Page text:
And that's how the WFLF-Monero Mustang Rescue Mission was born. It was a matter of life and death urgency and an effort to prevent the most egregious cruelty inflicted upon animals by mankind. "It's a leap of faith for humanity and the future of the world we share together with these animals," Katia added. "Thank heavens for our supporters and their steadfast dedication in support of our work. We couldn't do it without you."

 "Thanks to the many kind and generous donations from caring horse lovers who have come together in support of this WFLF mission, we have been able to provide emergency rescue services in effort to save the entire herd of majestic wild horses, including provision of their needed hay, veterinary care, housing and transport,” says Katia. "It has taken several months to save and restore these majestic herd members to new safe haven natural habitat homes, including pregnant mares and new born foals, the last of which have just recently arrived to our California sanctuary facilities."

With your continued support, WFLF will be able provide them with the security of a new forever safe and natural habitat where they will never be at risk of roundup or slaughter again. "WFLF resources have been stretched to the limits by the many emergency rescue costs including transportation costs to get them safely out of Mew Mexico," said Ms Louise. Water and hay had to be trucked in daily to keep them fed and healthy during while funds were raised to save them. "Transporting large numbers of horses across state lines is complicated and costly. Stops must be made so the horses can rest, be watered and fed. Safely transporting horses across the country is limited during inclement weather and these factors have all played into this major rescue mission."

WFLF extends their gratitude to the ASPCA, Best Friends Animal Society and the Landsberg Foundation for their generous support in helping to make this monumental mission a success.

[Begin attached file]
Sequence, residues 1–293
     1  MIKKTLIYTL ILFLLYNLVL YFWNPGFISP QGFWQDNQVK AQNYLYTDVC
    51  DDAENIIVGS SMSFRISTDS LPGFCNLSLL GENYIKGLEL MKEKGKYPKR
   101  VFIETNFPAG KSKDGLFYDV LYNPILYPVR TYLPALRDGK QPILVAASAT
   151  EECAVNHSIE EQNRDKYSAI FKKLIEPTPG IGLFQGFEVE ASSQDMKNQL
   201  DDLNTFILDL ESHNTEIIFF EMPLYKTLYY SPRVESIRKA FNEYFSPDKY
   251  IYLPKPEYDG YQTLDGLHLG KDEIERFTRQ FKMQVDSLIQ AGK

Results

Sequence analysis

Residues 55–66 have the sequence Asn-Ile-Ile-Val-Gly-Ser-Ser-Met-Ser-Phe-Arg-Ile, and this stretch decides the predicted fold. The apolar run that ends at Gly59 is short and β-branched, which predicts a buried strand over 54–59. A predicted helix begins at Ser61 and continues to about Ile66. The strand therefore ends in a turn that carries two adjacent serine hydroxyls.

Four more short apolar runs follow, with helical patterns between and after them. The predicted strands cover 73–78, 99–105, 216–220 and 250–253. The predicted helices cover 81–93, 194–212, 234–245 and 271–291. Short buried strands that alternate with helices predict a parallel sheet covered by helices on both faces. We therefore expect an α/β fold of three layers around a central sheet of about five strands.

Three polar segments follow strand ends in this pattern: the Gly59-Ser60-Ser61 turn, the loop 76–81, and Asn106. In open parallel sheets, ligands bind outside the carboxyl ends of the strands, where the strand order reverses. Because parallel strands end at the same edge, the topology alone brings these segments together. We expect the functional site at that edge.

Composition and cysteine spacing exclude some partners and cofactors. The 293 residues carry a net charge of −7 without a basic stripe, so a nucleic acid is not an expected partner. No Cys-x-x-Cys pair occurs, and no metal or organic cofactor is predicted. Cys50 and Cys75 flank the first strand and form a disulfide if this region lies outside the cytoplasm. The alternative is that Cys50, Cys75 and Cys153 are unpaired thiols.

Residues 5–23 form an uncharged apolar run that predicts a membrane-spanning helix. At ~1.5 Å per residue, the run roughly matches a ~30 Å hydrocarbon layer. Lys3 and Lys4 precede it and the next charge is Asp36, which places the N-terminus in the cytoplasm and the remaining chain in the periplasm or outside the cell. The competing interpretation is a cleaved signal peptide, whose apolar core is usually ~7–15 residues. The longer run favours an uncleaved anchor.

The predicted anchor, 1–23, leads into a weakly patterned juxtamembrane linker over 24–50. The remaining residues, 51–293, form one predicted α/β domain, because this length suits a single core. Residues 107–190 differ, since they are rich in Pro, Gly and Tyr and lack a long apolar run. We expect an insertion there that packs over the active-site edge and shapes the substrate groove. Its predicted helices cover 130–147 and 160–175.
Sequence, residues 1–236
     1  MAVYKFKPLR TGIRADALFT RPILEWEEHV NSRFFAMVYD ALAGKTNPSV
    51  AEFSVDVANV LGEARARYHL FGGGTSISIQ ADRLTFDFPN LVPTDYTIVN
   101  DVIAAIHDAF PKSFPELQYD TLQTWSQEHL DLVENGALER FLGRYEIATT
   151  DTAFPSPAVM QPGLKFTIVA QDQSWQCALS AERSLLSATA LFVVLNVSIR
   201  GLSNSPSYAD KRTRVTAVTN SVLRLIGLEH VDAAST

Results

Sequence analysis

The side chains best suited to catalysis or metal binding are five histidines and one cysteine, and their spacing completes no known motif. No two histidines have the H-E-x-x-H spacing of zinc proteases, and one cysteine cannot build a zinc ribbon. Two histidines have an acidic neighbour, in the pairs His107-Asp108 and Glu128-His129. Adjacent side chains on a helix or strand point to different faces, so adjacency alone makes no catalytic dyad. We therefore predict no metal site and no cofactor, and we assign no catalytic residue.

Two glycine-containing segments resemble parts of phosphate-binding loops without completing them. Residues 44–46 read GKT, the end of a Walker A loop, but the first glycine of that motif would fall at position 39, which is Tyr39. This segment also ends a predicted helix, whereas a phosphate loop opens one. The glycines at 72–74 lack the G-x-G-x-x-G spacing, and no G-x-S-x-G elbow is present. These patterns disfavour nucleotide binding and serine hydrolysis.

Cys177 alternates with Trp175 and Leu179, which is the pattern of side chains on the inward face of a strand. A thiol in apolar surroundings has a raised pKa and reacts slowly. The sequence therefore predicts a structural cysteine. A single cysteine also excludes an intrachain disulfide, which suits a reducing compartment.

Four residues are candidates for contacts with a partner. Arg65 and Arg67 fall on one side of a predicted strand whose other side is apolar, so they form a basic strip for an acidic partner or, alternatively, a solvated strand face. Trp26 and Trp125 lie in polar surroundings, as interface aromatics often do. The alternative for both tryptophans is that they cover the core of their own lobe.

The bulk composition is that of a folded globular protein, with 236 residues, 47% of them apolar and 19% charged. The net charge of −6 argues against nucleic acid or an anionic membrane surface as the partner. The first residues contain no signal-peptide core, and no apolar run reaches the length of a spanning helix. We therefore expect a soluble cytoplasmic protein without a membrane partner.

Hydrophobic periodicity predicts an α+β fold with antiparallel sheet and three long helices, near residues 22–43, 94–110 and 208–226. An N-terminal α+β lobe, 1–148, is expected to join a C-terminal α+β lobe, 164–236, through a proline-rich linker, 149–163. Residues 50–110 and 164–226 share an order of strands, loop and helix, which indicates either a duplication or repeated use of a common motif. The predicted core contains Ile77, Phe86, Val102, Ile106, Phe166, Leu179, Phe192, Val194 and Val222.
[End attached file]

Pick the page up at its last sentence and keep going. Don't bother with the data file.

Continued support is crucial in order to assure the forever safe harbor of these historic equines. At WFLF rescue is just the beginning of a long, dedicated endeavor to provide the best quality of life for these vulnerable and displaced victims. Partnerships are crucial to helping the Wild For Life Foundation serve community enrichment through its multi-layered mission of preserving wildlife, preventing animal cruelty, nature and educational initiatives, and therapeutic animal-human healing. WFLF saves the lives of homeless, mistreated and slaughter bound horses whose healing hearts enhance the lives of people. Since fall of 2013, WFLF has rescued and placed approx 180 wild Mustangs, including approximately 140 former Monero Mustangs, 40 Navajo Mustangs, and 21 orphaned foals (ages 1-6 months old), and several pregnant mares who all had lost their freedom and their homes in New Mexico. The baby horses had been orphaned as a result of the roundups and slaughter, which the vast majority of American people oppose.

 As the remaining number of Wild Horses in the U.S. nears extinction, education and appreciation through the protection and observation of Wild Horses in sanctuary becomes tantamount to their survival as a species. America's Wild Horses cannot be reproduced once they are gone.

"With wild mustang herds across the west vanishing, the importance of protecting and preserving them, and providing the public the opportunity to view and experience wild mustangs in their natural environment is essential to the history and the future of our Nation," adds Ms. Louise. "Wild horses are scientifically recognized for restoring range-lands, boosting biodiversity and helping the return of a wider variety of plants and invertebrates to the lands where they roam. Scientists and conservationists have indeed found that the re-introduction of wild equines to open lands provides a meaningful way to restore and sustain the natural environment and wildlife."

"The Wild For Life Foundation (WFLF), a U.S, registered 501(c)3 nonprofit charity dedicated to saving, protecting and preserving wild and domestic horses through rescue, sanctuary, and education. WFLF relies 100% on tax deductible donations to do this lifesaving work. Federal ID No. 26-3052458 

Media Contacts: Wild For Life Foundation
Phone: 310.439.9817